Labour's focus on leader 'reflects the age', says Carwyn Jones
Focusing Welsh Labour's assembly election campaign on Carwyn Jones reflects "the age that we live in", the party leader has said.
Launching the campaign, Mr Jones said voters' decisions were partly based on party leader's performances.
Labour has led the Welsh government since 1999 and Mr Jones has been first minister since 2009.
Rival parties said Labour should be judged on its record, after 17 years in power in Wales.
Conservative leader Andrew RT Davies has previously said of Mr Jones that "it's me or him" on election day.
Asked whether the Labour campaign was too focused on him, at a launch event in Barry Island, Mr Jones said: "We're not a cult, we're not UKIP.
"There are two things here - first, we've got our pledges out already, manifesto next week so all that's coming.
"I know full well that people will look at party leaders, and judge whether that person is up to the job - it's the age that we live in.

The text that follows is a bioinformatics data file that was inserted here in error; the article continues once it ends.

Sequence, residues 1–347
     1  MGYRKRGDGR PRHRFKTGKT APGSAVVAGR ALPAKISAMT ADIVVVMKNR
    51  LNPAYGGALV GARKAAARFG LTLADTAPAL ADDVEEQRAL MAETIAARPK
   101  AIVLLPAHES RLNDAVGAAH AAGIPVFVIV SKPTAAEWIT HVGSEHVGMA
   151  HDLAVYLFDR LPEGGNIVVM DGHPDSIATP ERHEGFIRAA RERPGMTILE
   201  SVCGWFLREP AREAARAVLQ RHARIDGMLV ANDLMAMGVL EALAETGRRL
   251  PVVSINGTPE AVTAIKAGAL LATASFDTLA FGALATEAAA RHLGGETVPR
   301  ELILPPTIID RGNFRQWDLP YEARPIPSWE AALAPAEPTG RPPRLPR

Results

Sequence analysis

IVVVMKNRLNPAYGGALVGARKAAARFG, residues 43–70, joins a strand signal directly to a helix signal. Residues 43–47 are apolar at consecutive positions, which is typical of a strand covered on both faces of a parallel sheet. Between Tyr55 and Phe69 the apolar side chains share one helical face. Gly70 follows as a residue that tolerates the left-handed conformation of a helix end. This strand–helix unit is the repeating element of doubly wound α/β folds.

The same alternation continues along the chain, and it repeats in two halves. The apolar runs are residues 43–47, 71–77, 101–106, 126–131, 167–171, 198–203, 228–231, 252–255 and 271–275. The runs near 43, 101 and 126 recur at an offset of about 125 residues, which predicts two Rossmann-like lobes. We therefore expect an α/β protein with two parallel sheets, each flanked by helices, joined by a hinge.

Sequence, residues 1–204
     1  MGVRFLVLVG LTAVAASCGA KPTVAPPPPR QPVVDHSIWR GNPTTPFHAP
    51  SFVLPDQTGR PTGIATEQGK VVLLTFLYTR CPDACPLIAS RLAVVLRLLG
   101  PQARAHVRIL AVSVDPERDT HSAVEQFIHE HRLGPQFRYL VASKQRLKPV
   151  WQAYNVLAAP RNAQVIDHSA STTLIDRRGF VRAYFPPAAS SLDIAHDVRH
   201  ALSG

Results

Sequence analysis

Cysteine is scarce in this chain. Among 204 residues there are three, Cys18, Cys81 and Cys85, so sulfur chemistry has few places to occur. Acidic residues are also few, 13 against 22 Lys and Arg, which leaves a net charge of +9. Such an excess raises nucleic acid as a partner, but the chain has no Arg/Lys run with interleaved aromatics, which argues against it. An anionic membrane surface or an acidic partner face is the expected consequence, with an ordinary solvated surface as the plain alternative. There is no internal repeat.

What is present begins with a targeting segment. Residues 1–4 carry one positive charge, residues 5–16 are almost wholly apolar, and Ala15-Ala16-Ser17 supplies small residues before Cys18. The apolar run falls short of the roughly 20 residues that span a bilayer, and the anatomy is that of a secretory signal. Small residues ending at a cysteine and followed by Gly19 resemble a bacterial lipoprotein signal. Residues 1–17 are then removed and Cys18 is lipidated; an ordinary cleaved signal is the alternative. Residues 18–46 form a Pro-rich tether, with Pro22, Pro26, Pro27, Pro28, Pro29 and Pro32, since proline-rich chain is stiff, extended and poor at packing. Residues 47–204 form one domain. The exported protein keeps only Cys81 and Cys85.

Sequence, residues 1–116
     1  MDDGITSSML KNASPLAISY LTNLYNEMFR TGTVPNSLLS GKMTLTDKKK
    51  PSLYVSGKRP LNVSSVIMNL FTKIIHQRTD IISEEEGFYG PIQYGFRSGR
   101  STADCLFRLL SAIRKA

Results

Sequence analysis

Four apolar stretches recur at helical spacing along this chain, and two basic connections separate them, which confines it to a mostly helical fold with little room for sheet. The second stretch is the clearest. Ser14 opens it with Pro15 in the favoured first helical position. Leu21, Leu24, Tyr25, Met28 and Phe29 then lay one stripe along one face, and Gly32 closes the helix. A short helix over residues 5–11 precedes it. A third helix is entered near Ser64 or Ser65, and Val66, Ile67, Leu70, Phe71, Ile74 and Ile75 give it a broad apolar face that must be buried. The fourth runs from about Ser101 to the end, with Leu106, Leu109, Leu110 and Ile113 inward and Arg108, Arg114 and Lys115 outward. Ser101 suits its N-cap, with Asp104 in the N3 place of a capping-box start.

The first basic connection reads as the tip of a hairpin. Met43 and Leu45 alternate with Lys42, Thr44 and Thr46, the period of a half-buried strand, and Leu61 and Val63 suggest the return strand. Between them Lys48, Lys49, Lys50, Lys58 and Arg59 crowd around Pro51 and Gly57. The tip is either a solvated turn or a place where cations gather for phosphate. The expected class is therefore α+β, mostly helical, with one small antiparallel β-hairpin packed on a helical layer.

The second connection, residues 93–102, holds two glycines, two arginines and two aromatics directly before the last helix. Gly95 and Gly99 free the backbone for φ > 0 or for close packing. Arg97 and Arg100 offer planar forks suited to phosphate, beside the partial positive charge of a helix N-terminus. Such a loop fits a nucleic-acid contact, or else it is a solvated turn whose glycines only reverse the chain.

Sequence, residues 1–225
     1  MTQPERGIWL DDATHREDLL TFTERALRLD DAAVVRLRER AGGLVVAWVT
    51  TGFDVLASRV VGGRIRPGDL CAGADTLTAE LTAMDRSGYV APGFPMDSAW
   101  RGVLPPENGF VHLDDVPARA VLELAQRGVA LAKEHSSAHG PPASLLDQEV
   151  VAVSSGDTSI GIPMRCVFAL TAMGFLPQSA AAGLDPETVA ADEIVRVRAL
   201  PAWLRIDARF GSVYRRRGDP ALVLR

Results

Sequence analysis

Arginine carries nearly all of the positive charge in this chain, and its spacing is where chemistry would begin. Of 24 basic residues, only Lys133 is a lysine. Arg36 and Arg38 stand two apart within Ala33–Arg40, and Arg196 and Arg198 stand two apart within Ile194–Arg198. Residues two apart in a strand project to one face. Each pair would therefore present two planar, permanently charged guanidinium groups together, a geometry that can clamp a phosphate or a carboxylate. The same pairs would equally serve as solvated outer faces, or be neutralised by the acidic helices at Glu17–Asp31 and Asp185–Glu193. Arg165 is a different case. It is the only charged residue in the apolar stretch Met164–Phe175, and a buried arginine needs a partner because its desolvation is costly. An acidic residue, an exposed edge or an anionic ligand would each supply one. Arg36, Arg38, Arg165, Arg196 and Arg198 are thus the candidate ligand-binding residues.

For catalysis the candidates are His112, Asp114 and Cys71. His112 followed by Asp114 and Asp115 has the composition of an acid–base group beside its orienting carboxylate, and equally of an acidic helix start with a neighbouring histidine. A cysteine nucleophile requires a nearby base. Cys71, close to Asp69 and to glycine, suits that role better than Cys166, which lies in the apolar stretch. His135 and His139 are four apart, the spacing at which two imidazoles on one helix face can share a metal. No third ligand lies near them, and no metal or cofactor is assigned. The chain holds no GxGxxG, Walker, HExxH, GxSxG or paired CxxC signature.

"So I'm leading from the front, but of course we've got the policies, the best pledges and the best manifesto next week."
Schools, the NHS and apprenticeships have already been named as priorities.
Labour is currently the largest party in Cardiff Bay, with 30 of the 60 seats in the Senedd.
Mr Jones has previously said it would be Welsh Labour's "toughest ever assembly campaign".
He defended his government's 17 years of uninterrupted rule in Wales but admitted "each election gets harder because our record gets longer".
He said his Labour government had "kept all of our promises" since the last assembly election in 2011, and it would do the same again if returned to power in May.
Asked how his party would avoid a repeat performance of Welsh Labour's poor general election performance in 2015, Mr Jones said: "The difference is we have more data than we had last year.
"We have more resources. We're in a much better place."
The party suffered a disappointing result in the 2015 general election, recording its second worst share of the vote in Wales since 1918, including losing Gower and the Vale of Clwyd to the Conservatives.